Megan Stonelake is a parent coach, writer, and mama. She’s passionate about supporting happily imperfect families. Check out her website Empathic Parenting Counseling where you can sign up for her newsletter to receive monthly encouragement and information you can use. You can also follow her on Facebook and Twitter.

  • Avatar
    March 12, 2018

    We’re unschoolers too (for the most part at least). Learning doesn’t have to be forced. Kids learn best through everyday exploration and following their interests. Always great to hear about other families doing self led learning!!!

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    March 12, 2018

    It’s delightful to think of children learning at their own pace in their own unique and individual ways! I’m encouraged by this inspiring, intelligent article.

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    March 12, 2018
    Cynthia Baxter

    Both my girls were unschooled much like you are doing, and both went thru college earning a BA and a Masters.
    Just a success story to share and give more encouragement and confidence, hopefully, that unschooling “works”.

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    March 13, 2018

    I wish I could do what you are. I completely agree with he concept. You have sacrificed a lot for the betterment of your own child. I have 3 and cannot imagine how I would manage. I am a great advocate of your method of teaching.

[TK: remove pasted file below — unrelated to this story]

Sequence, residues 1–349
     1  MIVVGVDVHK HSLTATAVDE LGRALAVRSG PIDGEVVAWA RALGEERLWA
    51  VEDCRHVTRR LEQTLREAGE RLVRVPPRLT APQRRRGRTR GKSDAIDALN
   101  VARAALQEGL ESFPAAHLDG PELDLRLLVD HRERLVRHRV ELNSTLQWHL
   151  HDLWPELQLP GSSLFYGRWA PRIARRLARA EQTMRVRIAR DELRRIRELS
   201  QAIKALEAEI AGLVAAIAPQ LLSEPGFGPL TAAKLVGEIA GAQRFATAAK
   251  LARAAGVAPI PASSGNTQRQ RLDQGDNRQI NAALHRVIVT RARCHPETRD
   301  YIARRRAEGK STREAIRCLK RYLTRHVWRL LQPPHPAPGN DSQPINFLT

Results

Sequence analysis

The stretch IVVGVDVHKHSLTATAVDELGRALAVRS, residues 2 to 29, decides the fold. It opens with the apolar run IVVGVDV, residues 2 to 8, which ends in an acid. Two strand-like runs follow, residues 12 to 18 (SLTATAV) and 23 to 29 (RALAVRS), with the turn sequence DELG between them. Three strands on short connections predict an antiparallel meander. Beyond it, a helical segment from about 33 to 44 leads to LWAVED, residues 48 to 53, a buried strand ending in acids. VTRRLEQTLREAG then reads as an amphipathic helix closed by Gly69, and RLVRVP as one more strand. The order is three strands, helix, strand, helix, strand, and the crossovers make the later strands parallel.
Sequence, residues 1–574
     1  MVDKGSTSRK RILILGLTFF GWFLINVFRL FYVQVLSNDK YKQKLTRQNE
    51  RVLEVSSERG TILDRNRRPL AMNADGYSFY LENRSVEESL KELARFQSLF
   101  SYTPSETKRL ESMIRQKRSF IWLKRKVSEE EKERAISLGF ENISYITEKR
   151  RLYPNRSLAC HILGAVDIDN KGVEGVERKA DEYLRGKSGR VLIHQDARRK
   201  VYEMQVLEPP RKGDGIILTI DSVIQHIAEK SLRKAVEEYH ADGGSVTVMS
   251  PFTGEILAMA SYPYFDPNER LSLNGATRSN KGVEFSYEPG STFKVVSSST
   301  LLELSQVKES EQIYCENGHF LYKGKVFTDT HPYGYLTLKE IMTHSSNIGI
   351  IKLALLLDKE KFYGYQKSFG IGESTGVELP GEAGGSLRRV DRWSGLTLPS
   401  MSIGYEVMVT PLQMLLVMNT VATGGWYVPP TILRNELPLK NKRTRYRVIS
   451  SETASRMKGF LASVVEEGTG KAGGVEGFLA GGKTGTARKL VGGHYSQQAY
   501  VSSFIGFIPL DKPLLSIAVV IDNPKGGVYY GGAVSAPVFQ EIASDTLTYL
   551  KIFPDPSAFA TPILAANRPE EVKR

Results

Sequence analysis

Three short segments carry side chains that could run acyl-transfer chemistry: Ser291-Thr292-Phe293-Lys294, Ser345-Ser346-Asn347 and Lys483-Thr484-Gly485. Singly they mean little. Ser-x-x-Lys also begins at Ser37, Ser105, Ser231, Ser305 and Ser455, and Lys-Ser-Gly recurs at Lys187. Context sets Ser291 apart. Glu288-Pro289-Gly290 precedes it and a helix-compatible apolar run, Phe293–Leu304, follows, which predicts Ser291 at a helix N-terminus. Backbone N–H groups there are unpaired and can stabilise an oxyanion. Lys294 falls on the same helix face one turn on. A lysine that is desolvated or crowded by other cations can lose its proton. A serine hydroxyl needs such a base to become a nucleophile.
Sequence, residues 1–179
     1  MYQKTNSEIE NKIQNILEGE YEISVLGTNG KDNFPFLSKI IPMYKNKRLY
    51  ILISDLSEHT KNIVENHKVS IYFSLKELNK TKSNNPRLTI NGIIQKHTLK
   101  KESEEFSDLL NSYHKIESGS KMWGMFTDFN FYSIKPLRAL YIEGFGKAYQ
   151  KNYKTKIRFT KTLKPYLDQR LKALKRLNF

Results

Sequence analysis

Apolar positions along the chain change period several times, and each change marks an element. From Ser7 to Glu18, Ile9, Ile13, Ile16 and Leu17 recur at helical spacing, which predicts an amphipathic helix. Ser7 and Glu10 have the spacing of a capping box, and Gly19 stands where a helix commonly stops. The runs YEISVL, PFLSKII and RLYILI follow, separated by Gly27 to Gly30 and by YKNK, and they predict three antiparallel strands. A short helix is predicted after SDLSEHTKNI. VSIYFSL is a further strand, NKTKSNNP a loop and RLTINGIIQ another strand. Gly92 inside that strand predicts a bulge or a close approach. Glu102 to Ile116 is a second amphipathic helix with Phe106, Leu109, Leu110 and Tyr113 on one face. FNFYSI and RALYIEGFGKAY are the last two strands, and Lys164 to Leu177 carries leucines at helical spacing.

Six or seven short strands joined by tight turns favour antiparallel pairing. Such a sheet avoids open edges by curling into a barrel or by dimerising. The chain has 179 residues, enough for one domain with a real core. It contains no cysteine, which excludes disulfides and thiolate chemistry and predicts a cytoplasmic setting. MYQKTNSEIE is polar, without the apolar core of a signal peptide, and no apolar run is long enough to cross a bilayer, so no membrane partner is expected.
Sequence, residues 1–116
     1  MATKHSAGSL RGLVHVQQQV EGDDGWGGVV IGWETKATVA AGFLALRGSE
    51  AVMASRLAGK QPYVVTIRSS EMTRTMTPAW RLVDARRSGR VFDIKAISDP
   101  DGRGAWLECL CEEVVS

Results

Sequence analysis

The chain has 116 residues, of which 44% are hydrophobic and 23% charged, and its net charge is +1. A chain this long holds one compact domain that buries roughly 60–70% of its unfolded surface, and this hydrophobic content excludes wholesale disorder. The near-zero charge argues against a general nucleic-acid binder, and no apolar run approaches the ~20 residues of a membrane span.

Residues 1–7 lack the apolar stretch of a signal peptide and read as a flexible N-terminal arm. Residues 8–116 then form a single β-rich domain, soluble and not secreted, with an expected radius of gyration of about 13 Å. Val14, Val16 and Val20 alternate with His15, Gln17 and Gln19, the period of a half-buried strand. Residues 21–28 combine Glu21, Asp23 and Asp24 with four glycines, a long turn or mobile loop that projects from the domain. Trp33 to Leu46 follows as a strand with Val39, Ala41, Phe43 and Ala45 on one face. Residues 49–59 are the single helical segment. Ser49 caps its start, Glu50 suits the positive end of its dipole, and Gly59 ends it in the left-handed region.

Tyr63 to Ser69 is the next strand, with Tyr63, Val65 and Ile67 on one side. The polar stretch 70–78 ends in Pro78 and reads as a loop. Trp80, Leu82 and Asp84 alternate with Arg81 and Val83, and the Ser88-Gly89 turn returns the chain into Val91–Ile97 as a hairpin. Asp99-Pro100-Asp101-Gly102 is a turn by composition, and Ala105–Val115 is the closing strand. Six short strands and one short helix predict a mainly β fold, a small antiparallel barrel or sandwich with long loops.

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    August 14, 2018

    I love this article! This was our intent with our first child, but as our second son came into this world, the “education” that was our everyday suddenly came to a halt. It’s difficult to explore and talk about whatever might be peaking his interest when baby #2 is climbing, screaming, eating god knows what off of the ground. Luckily we’ve found an oasis at our preschool. They believe in free play and indulging and exploring all of the interests of the kids. And I actually get a break in my day to focus on things around the house, so when they come home they can have more time with me. I hope this article reaches those parents who aren’t aware of what kids really need. Thanks for writing it!